'Give Up Tomorrow' Revisits Philippine "Crime of the Decade"
The PBS POV series documentary Give Up Tomorrow recounts the jaw-dropping mockery of justice that began with the brutal murders of two young women and spiraled beyond belief when seven young men went on trial for the crime. Its a cautionary tale and a reminder that a court trial does not necessarily promise justice.
The documentary makes its debut Wednesday, October 3, 10 p.m. ET. (Check local listings.)
Sisters Marijoy and Jacqueline Chiong disappeared on July 16, 1997. One body was found in a ravine shortly thereafter. The other body was never found.
The case was an instant tabloid hit and the murders became "the crime of the decade" in the Philippine media. As the documentary unfolds, it has eerie parallels to the Simpson-Goldman murders and trial that occurred in Los Angeles that same decade.
In the Chiong cases, a young man with a somewhat privileged pedigree and thuggish reputation, Paco Larrañaga (top), and six others were arrested a few weeks after the girls' disappearance. Suspected of kidnapping, raping and murdering the Chiong sisters, they were held while the investigation continued.
The Simpson trial — even with wild procedural and media antics occurring in real-time — still managed to effect a durable sense of due-process, however widely you define that term. The Larrañaga trial quickly evolved its own brand of outrage that thrilled some and angered others. But that's where the similarity with the Simpson case ends.
It isn't a spoiler to mention that on the night of the murders and the day after, Larrañaga (who is the focus of the film) was seen 300 miles away on another Philippine island. He was seen with classmates studying for a final exam, was photographed with them, and also joined his classmates and teacher the next day. They all gave statements to the police. There would eventually be 35 eyewitness accounts that placed Larrañaga far from the island where the murders took place at the time of the crime. On any episode of Law & Order that would be an automatic walk.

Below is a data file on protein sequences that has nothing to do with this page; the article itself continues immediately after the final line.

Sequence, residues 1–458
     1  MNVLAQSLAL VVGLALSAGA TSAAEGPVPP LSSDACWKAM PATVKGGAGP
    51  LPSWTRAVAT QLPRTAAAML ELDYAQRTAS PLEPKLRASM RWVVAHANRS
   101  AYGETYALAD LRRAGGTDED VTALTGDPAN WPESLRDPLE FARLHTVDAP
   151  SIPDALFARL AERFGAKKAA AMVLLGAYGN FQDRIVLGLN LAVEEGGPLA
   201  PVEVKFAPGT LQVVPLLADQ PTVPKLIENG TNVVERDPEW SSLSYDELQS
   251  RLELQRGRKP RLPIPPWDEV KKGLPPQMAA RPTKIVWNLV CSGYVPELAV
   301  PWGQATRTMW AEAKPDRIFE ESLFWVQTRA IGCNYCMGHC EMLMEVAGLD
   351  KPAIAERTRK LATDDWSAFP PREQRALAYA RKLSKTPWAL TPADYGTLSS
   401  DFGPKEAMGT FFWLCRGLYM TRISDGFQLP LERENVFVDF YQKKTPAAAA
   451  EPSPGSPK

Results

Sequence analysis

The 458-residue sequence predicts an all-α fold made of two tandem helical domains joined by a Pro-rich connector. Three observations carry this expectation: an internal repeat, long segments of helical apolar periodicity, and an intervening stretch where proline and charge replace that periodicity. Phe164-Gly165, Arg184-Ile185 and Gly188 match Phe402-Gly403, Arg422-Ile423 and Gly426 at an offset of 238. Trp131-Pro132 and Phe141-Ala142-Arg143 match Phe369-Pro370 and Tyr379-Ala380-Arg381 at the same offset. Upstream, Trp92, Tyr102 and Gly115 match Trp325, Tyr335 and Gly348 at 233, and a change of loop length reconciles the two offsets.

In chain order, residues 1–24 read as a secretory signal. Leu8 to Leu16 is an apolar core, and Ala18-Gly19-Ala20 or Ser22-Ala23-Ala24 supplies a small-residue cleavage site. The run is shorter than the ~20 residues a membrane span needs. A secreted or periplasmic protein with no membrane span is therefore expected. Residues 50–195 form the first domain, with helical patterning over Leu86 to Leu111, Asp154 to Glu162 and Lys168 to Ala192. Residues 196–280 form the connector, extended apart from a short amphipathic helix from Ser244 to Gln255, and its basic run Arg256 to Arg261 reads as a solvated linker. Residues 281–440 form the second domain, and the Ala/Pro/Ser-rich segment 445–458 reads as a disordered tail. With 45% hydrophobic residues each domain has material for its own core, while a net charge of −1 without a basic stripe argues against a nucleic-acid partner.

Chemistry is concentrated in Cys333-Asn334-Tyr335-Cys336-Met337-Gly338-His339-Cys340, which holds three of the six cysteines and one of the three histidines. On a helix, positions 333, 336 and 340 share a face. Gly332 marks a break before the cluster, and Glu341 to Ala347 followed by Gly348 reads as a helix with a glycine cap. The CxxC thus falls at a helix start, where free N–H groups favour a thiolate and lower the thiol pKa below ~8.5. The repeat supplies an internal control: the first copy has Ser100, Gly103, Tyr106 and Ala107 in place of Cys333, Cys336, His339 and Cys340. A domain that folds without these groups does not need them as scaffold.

These early reveals of the documentary are in bounds because they are just the first of many outrages to come. The film unfolds to show dubious mob connections to the case and police detectives giving awkward interviews where they cannot remember even the most basic of details. Surprise witnesses appear that suddenly bolster the prosecution's case.
There is media hype, including a nationally broadcast docudrama that shows Larrañaga and the others committing the crime before they had even put on their defense at trial. And there is the increasingly affected nihilism of Judge Martin Ocampo (above, left) as defense attorneys walk out of the case and are temporarily jailed for contempt of court.
And, if that weren't enough, there are defendants barred from testifying in their own defense — even as they beg the court to do so.
The trial is really just the first leg of a nightmarish journey for Larrañaga and his family, who remain staunchly loyal to him as they try and work within the rules of the Philippine legal system. At one point we see video footage smuggled out of the Manilla prison where Larrañaga and the others are held; it's a squalid, over-crowded fortress designed to hold around 10,000 inmates but instead houses double that number.
Filmmaker Michael Collins keeps things down the middle with a raft of footage gathered and interviews with both the Larrañaga and the Chiong families, particularly framing Give Up Tomorrow as a tale of the two mothers' grief. As Collins lays it out, Larrañaga was no choir boy to be sure, but that should have hardly been what put him on an express train to national pariah.
It is Thelma Chiong, (right, center) the victims' mother, however, who gained the larger media spotlight over the years as the public face of the trial — similarly possessed and often crazed as Fred Goldman was during the Simpson trial. Among other troubling things, she was connected to the Philippine president's office through a sister, and was presumed to be exerting some prosecution influence during the trial. There's a particularly off-putting interview in which her need for vengeance has clearly taken over any need for facts, or truth — her face stretched in a chilling grin.
Larrañaga's future is as harrowing as his arrest and trial. As he says from prison during the middle of the film, "If you want to give up, give up tomorrow. When tomorrow comes, think 'I'll give up tomorrow. Tomorrow after that, I'll give up tomorrow.'"